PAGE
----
Now the final point that I want to make that being an author, following my passion has taught me, and what really gave me the confidence and the push to make this podcast a reality, is that mindset is crucial. You need to find a positive mindset to do this. You need to be able to recognize that imposter syndrome and that self doubt, and move through it. You need to do things like I am today, where I’m celebrating the 30th episode of this podcast. You need to celebrate all your little wins and your little successes. You need to keep that fire lit and burning in you, so that you can continue on this path.

And however you help your mindset, whether it’s through meditation or affirmations, whatever it is, if you want to be successful, if you want to have the courage to put yourself out, there to do these new things, to show up, then you need to try and swap out as much negative self talk as possible with the positive. It’s honestly the key. It’s the one thing that will work beyond all else.

And so here I am, episode number 30. I released my first episode of Alchemy for Authors end of February this year in 2022. And in that time I have interviewed authors all around the world. Many of whom are best-selling authors. It has opened up collaboration opportunities. I have just learned so much that I’ve been able to put into my own writing and author practice. It’s also helped me on things like increasing my social media followers, increasing subscribers to my newsletters, selling books. But most importantly it has built my confidence in ways that I would never have foreseen. And it’s allowed me to inspire and help other people, also in ways that I had no idea I’d be able to do.

The confidence and joy that comes from achieving something that you set your mind to, like writing that book, getting it out there in the world, it’s something that can be really transformative. It has almost a ripple effect in all other areas of your life. When you take the lessons that you’ve learned as you’ve reached the point of being able to put a book out there in the world, you can use that in any part of your life whenever you’re faced with a big decision, or a new direction, or a passion to follow. You’ve done this process before. It goes without saying you can do it again.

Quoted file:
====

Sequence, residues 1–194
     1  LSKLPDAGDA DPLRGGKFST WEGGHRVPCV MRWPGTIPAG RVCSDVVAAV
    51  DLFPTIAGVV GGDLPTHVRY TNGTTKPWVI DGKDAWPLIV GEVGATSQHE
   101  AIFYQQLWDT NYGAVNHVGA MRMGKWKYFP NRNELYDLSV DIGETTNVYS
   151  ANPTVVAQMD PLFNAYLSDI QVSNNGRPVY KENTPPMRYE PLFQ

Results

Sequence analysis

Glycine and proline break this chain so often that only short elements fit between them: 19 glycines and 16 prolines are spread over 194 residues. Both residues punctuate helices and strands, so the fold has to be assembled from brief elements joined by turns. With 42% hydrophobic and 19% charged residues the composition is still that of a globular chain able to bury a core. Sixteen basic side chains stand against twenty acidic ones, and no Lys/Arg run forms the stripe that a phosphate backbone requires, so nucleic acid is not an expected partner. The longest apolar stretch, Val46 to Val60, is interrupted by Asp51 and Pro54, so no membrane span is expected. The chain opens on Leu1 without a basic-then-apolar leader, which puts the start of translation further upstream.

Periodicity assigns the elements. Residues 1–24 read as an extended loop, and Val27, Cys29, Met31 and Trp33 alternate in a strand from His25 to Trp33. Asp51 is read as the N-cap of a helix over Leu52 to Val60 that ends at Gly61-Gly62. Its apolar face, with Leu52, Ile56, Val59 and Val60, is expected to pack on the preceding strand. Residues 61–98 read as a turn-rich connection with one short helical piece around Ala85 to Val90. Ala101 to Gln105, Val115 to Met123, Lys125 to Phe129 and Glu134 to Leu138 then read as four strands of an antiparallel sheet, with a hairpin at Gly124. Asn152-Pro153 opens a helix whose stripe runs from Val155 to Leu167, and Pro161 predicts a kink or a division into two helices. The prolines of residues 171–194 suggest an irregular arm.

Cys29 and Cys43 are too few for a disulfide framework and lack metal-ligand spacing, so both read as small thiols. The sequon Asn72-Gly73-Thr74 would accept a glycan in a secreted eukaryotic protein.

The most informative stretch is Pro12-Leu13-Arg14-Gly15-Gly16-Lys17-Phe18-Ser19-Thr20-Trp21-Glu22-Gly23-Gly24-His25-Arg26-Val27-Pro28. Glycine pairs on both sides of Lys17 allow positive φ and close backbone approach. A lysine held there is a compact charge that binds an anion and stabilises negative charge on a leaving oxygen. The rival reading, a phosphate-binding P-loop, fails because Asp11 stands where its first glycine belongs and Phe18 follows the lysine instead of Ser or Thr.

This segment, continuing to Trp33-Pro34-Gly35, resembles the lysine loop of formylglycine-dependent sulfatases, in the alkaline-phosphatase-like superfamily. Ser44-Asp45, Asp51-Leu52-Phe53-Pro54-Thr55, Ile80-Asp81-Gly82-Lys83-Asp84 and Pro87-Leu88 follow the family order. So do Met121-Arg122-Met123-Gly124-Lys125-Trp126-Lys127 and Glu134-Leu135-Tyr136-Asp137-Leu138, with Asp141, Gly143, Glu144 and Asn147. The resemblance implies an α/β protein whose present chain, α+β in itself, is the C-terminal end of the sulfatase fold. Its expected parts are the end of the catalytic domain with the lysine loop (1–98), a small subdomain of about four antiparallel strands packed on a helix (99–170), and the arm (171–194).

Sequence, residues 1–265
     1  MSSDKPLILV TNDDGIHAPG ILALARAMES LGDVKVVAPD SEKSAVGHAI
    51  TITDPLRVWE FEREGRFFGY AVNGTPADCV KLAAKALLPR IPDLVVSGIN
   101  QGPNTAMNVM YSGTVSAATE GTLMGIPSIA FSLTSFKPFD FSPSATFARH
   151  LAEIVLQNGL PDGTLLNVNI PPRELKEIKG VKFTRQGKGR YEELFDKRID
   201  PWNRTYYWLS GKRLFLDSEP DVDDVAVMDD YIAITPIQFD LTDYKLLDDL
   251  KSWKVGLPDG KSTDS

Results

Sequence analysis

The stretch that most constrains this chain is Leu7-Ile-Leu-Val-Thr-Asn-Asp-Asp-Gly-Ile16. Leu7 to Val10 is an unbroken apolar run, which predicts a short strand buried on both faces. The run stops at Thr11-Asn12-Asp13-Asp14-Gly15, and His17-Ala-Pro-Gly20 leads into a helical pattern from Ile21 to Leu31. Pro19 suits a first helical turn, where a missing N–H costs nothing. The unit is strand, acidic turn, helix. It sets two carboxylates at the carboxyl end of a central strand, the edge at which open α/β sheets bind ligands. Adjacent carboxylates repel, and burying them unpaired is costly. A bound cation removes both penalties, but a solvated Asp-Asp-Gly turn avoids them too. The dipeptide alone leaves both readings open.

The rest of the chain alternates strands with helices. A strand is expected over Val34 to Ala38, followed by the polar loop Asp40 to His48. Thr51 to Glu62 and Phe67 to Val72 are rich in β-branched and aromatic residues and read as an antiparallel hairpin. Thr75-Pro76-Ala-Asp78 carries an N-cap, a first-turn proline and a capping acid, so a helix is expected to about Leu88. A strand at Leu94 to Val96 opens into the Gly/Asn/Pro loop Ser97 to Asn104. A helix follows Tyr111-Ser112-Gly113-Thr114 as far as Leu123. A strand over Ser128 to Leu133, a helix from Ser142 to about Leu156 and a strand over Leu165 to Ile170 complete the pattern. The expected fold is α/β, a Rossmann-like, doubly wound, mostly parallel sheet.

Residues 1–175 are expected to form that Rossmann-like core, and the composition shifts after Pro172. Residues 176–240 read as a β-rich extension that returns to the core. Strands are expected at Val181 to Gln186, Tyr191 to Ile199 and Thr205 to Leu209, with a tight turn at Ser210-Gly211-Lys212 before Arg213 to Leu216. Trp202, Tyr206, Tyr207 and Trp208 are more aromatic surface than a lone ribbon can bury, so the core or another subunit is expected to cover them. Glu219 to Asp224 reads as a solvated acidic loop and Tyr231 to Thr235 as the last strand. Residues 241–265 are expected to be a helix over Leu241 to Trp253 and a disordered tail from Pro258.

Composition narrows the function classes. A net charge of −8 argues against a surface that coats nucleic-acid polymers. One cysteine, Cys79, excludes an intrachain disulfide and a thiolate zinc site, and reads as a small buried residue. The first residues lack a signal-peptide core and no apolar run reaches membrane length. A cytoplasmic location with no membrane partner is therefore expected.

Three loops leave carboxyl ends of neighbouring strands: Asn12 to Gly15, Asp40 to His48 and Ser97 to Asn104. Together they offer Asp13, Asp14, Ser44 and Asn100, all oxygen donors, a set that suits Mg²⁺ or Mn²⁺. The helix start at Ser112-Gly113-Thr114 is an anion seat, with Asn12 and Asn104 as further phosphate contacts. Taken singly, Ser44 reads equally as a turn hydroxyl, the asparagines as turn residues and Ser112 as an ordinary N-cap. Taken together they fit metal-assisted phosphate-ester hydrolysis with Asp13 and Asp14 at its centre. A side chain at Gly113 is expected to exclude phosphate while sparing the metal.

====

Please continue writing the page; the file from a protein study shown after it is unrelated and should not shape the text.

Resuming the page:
So in ending this episode, I really want you to do a little bit of thinking around what it is that you might’ve been putting off. Is it writing your first book? Is it changing genres? Is it taking action in your personal life, or is it starting a new passion project? Whatever it is, take this episode, episode number 30, as the sign that now is the time for you to take action. Don’t let fear hold you back. You a capable of so much more than you could ever imagine. And how you live your days is how you live your life. So you need to make sure that every day you are living a life that fulfills you in some way.

Seth Godin has this quote that I just absolutely love. He says, “How dare you settle for less when the world has made it so easy for you to be remarkable.”

And it really has. We just need to recognize that ease. Because going back to that very first point that I made taking that first step, can be as easy or as hard as we let it be. That’s up to us.

So I hope you enjoyed today’s episode, and it’s left you feeling motivated and inspired to write that book, to go after that thing, that thing that you’ve been putting off, and just do it. So please help me celebrate 30 episodes of Alchemy for Authors by leaving a review on whatever podcast platform you’re listening to. That would be just so appreciated and really make my day.

If you’d like to connect with me, I tend to make my home on Instagram. So you can find me @jobuerauthor, is my author account. Or @alchemyforauthors to follow this podcast. So I’m going to leave off here with wishing you a wonderful week ahead, my friends, and happy writing.